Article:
Dr. Susan Klein, Director IUB Medical Physics Program

Internal organ motion is an inevitable result of human physiology and represents the current major source of uncertainty for external beam radiation therapy. Each radiation machine design requires a unique method to provide organ motion gated radiation therapy. The unique proton radiation therapy machine at ISAT Hall that delivers beam to the IU Health Proton Therapy Center will be engineered to deliver gated beam over the next several years. This development will be divided into a large number of relatively small coordinated projects including: assessment of the optimal beam blanking mechanism, development of electro-mechanical signal induction, timing interfaces for the beam handling, beam delivery and beam switching subsystems; verification and validation of each subsystem's beam gating interface, and development of quality assurance tests. Each of these projects includes several independent research tasks that can provide a complete hypothesis-driven summer research experience, including modeling, experimental design, instrumentation, data collection and analysis. Dr. Klein has mentored research projects with a number of REU students and local undergraduates, as well as with a high school student.

Nuclear Physics and Nuclear Chemistry Experiment

Many Body Nuclear Dynamics

Dr. Sylvie Hudan and Prof. Romualdo DeSouza, CEEM and Nuclear Chemistry

Many body nuclear dynamics examines the nuclear equation of state and the interplay between the statistical and dynamical break-up of nuclei under extreme conditions of density, temperature, shape, and isospin. Recent projects include Studying Nucleon Transport in Hot Nuclear Matter and Studying Mid-Peripheral Heavy-Ion Collisions. Dr. Hudan has supervised three REU students in the past five years.

Design of control systems and vibration isolation for neutron interferometry

Prof. Mike Snow, Physics and CEEM

In this project you would participate in a design project to develop a concept for a neutron interferometer to be used in searches for "chameleon fields" which are a possible solution to the dark energy problem. These interferometers employ neutron diffraction from perfect silicon crystals as coherent beamsplitters and recombiners. They are extremely sensitive to thermal fluctuations, vibration, and acoustic noise. Your task would be to evaluate the requirements needed to be able to realize such an interferometer using perfect crystals and reduce vibrational noise in a granite optical table that we plan to use to mount the crystals on. In the course of this project you woudl learn about the principles of interferometry, dark energy theories, vibration isolation, and mechanical stability.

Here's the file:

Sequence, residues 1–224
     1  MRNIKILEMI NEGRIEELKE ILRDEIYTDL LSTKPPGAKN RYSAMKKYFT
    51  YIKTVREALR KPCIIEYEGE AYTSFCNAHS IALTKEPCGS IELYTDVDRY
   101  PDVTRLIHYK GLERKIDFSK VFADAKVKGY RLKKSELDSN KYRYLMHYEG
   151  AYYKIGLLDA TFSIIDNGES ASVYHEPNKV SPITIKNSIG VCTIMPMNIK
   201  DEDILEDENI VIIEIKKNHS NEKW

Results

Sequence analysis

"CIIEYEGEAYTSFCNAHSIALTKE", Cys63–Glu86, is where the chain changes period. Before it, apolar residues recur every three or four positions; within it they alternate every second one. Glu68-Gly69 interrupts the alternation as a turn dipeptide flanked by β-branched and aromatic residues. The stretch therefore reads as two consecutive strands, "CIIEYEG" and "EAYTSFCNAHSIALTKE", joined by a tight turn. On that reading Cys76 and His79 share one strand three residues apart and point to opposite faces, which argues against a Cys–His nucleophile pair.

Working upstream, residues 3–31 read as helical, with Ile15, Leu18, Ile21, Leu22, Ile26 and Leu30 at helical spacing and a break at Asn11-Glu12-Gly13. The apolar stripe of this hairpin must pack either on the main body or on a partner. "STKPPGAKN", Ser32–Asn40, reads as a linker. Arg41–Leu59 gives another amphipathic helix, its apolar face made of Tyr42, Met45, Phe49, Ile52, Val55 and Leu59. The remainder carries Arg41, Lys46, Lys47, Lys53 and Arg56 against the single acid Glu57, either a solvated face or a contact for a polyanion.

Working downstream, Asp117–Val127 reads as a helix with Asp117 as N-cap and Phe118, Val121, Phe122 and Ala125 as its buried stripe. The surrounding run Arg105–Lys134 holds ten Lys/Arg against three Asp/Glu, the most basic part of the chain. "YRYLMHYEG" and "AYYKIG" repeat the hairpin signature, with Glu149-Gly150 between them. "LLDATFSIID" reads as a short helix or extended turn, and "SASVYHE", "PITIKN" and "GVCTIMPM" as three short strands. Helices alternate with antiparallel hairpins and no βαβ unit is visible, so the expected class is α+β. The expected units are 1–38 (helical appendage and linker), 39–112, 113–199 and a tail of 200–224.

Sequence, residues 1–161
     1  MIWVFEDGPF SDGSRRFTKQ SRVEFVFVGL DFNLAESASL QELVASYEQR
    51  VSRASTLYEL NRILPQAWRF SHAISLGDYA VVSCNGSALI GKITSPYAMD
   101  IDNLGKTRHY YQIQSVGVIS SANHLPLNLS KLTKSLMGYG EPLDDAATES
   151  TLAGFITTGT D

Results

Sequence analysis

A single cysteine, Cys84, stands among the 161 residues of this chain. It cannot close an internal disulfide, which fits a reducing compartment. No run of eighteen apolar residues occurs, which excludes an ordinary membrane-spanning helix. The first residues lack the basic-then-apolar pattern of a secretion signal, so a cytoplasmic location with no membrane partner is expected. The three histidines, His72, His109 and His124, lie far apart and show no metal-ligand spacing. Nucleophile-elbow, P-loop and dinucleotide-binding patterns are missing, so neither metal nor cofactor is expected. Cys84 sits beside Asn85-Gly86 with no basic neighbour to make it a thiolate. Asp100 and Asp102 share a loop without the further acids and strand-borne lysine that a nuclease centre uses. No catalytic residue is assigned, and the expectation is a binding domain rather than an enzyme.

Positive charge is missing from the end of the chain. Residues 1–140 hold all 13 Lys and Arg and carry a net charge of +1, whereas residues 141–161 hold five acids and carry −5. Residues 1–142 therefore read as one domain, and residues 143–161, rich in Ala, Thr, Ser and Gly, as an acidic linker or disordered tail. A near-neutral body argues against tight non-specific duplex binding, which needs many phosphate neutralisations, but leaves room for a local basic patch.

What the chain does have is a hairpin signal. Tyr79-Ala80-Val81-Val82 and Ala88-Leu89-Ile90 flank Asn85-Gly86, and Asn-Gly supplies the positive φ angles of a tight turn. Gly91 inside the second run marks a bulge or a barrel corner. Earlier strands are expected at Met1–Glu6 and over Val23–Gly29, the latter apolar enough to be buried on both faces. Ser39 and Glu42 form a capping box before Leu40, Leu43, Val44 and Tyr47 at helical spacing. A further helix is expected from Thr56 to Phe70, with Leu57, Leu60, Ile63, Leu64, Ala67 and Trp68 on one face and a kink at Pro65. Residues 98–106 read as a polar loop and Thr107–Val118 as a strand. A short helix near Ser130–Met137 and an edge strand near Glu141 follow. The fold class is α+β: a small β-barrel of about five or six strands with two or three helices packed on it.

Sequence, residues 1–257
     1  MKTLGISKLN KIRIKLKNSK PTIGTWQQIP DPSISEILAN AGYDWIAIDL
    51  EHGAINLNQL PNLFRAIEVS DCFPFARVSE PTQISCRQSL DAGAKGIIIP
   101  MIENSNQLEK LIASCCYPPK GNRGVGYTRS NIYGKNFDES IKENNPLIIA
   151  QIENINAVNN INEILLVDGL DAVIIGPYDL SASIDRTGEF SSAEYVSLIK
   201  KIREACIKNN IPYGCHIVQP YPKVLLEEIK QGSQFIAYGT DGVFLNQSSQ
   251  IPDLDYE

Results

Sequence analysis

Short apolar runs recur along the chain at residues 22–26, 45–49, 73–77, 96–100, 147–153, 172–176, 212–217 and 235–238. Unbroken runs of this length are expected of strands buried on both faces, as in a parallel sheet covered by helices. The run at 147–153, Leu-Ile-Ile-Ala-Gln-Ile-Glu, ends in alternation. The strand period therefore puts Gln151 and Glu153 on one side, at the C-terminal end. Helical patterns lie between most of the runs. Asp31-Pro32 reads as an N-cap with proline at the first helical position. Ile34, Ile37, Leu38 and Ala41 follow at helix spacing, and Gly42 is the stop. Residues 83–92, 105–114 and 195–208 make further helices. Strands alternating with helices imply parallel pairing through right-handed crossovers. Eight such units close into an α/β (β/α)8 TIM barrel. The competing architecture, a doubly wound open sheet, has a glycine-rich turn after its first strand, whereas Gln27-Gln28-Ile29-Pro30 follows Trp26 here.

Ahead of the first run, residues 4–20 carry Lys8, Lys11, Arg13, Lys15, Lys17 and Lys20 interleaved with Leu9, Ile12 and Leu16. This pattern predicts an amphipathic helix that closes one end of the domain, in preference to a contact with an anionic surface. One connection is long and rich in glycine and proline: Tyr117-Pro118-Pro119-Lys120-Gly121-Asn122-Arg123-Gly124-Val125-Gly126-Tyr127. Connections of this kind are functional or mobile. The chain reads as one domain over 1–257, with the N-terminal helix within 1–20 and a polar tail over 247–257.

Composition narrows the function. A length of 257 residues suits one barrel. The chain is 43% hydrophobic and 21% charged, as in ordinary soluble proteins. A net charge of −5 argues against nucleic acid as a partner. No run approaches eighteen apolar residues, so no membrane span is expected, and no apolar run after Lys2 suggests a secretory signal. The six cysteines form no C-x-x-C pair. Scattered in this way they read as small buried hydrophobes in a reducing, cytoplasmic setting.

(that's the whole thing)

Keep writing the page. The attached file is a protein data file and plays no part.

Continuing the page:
Development of nonmagnetic test masses and motion systems for fifth force searches

Profs. Mike Snow and Prof. Josh Long, Physics and CEEM

In these projects you would work on preparing test masses with special magnetic properties. These test masses would be used in experimental searches for exotic spin-dependent ultraweak forces of nature which might be a consequence of string theory or other beyond the Standard Model theories. We have many experiments in progress which use polarized slow neutrons, polarized nuclei, and polarized electrons. Many of the experiments also require us to move these test masses nonmagnetically in tricky ways. In the course of this project you would learn about the magnetic properties of matter and about various principles of precision measurement and clever experimental hardware design.

Neutrino Oscillations and Interactions

Prof. Rex Tayloe, IU Physics and CEEM

Prof. Tayloe works on neutrino oscillations and interactions. The students will work on neutrino detector development. For example, an optical fiber/liquid scintillator detector is under construction and is available to investigate neutrinos from nuclear reactors or neutrons from radioactive materials. A recent project was titled A Large-Volume, High Resolution Scintillation Detector for Monitoring of Thermal Power of a Nuclear Reactor.

Nuclear Physics Theory

Studies of Quark Pair Creation in the Gluon Field

Prof. Adam Szczepaniak, Physics and Nuclear Theory Center

The student will study properties of quark-gluon interactions in Quantum Chromodynamics formulated as a many-body, Hamiltonian system with physical degrees of freedom. The student will investigate the distribution of energy density in presence of quark and antiquark sources and its connection with phenomenological models of hadrons. Professor Szczepaniak has supervised five REU students working on theoretical projects in the past six years.

Molecular dynamics simulations of neutron star crust

Prof. Chuck Horowitz, Physics and Nuclear Theory Center

Neutron stars are extraordinarily dense objects more massive than the sun but only about 20 km across. The student will perform computer simulations to determine properties of the star's solid outer layers. See for example a Newscientist Web article Star crust 10 billion times stronger than steel.